1.4. How Toyota Is Like a Failed, Stagnant Company
While Toyota appears to have succeeded in developing a management model fit for industrial production in the knowledge age, at the same time it lacks many characteristics typical of other large, globally successful companies. The following Toyota policies and organizational patterns resemble those associated with failing or stagnant companies:
While Toyota is innovative, its management remains homogeneous, in contrast to the more typical innovative organizations that encourage diversity. Toyota management, particularly in Japan, is predominantly male and Japanese. They are proud to be a company from the rural backwater Mikawa region, a suburb of the major commercial city of Nagoya. Regional pride is strong in Japan and the company's rural origin accounts for its male-dominant culture, as well as its simplicity and humility. They have no plans to relocate their headquarters to central Tokyo as Honda, Hitachi, and many other large Japanese companies have done.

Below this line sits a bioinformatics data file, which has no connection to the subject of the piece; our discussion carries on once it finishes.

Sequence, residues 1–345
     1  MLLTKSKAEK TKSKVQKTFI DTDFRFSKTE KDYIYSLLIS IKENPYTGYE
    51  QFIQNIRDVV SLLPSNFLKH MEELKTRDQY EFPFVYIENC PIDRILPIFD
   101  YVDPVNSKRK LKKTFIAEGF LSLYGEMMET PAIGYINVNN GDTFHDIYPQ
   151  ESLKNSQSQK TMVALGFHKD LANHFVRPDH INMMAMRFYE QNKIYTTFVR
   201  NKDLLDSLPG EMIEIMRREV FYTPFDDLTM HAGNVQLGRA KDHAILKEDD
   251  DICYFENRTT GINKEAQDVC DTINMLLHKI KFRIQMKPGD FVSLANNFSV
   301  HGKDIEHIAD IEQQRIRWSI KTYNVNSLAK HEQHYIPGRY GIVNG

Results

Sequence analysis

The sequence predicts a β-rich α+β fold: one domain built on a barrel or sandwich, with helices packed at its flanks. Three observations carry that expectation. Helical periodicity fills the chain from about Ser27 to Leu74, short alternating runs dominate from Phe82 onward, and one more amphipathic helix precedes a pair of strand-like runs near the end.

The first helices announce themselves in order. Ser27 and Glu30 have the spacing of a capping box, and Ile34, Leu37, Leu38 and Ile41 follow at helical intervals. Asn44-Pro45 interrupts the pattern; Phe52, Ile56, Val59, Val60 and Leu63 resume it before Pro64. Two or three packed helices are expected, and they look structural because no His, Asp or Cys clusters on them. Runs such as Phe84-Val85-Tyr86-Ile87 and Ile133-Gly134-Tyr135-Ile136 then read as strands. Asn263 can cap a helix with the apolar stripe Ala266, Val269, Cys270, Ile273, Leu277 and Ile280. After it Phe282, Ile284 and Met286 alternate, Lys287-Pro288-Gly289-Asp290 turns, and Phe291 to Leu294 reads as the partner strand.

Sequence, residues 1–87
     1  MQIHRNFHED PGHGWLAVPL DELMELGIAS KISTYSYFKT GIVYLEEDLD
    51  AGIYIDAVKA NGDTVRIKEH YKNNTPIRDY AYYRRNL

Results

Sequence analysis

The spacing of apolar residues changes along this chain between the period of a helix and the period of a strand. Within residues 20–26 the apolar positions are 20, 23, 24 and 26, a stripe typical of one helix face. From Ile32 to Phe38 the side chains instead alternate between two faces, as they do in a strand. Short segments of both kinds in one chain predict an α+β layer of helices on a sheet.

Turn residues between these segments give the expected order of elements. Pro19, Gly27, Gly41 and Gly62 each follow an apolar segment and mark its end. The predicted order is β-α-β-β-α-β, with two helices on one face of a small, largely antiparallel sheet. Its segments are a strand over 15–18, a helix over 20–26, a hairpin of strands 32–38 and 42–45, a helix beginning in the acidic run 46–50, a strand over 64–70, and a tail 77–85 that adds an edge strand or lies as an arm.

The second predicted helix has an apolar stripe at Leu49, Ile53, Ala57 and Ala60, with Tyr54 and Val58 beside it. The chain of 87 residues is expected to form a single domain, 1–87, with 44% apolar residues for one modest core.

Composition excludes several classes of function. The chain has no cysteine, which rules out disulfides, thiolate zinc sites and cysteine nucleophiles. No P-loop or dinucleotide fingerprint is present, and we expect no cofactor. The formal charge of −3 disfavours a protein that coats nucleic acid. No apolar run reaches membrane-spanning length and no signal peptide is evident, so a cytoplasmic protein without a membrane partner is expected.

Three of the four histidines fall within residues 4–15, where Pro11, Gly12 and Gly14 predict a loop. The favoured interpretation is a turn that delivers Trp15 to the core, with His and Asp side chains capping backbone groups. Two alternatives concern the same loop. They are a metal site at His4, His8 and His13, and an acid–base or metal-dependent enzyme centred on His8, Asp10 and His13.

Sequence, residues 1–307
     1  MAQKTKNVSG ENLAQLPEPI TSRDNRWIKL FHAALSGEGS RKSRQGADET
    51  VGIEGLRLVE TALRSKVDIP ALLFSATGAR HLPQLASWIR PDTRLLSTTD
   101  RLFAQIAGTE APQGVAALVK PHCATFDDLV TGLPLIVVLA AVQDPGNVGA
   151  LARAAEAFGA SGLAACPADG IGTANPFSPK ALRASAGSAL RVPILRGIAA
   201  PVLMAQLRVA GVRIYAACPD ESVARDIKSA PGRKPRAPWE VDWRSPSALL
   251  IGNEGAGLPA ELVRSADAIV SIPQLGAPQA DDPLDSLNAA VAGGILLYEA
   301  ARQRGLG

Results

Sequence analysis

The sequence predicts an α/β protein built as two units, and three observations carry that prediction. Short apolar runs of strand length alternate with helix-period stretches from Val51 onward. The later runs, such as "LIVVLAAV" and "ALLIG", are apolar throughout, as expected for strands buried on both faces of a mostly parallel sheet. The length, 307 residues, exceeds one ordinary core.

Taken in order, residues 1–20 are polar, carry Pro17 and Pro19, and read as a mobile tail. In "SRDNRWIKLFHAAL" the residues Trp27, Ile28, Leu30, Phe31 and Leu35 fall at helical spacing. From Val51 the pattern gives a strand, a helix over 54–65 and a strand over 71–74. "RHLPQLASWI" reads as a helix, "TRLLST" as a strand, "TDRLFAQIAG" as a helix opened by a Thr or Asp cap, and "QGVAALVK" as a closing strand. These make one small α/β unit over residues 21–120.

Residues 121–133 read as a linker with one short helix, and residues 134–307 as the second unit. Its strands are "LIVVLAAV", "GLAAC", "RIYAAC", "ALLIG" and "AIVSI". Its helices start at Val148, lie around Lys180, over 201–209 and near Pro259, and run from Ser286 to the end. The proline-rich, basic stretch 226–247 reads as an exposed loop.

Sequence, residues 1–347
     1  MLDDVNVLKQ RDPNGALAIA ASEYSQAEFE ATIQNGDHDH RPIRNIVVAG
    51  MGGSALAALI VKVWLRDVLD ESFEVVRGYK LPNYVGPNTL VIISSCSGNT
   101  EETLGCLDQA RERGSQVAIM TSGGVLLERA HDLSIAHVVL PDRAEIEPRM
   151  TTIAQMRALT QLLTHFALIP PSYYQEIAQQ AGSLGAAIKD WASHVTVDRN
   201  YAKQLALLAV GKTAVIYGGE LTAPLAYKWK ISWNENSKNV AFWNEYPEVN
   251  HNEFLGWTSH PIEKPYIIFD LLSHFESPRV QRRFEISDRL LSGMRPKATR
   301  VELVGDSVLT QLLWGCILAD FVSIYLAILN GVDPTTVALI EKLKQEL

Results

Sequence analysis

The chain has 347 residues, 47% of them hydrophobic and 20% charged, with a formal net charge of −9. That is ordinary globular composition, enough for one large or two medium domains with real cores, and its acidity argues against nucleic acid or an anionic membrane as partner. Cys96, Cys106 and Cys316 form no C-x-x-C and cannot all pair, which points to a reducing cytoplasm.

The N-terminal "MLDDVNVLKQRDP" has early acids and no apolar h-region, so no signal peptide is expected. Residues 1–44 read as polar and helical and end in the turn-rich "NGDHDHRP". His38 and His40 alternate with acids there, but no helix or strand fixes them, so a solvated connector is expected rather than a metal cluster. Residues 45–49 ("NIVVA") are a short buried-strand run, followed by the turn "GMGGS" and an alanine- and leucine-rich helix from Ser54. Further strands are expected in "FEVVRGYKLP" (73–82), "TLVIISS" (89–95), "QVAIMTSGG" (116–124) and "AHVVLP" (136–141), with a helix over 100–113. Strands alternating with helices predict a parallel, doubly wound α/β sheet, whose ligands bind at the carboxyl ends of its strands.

While Toyota is famous for its efficiency, its allocation of human resources seems inefficient. Every company has meetings, but it is amazing to see how many people attend a Toyota business meeting. Many of the employees who attend do not participate in the discussion. There are also excessive numbers of employees working at the management level whose responsibilities bear no relation to operational or financial performance. In its sales organization, Toyota deliberately assigns ...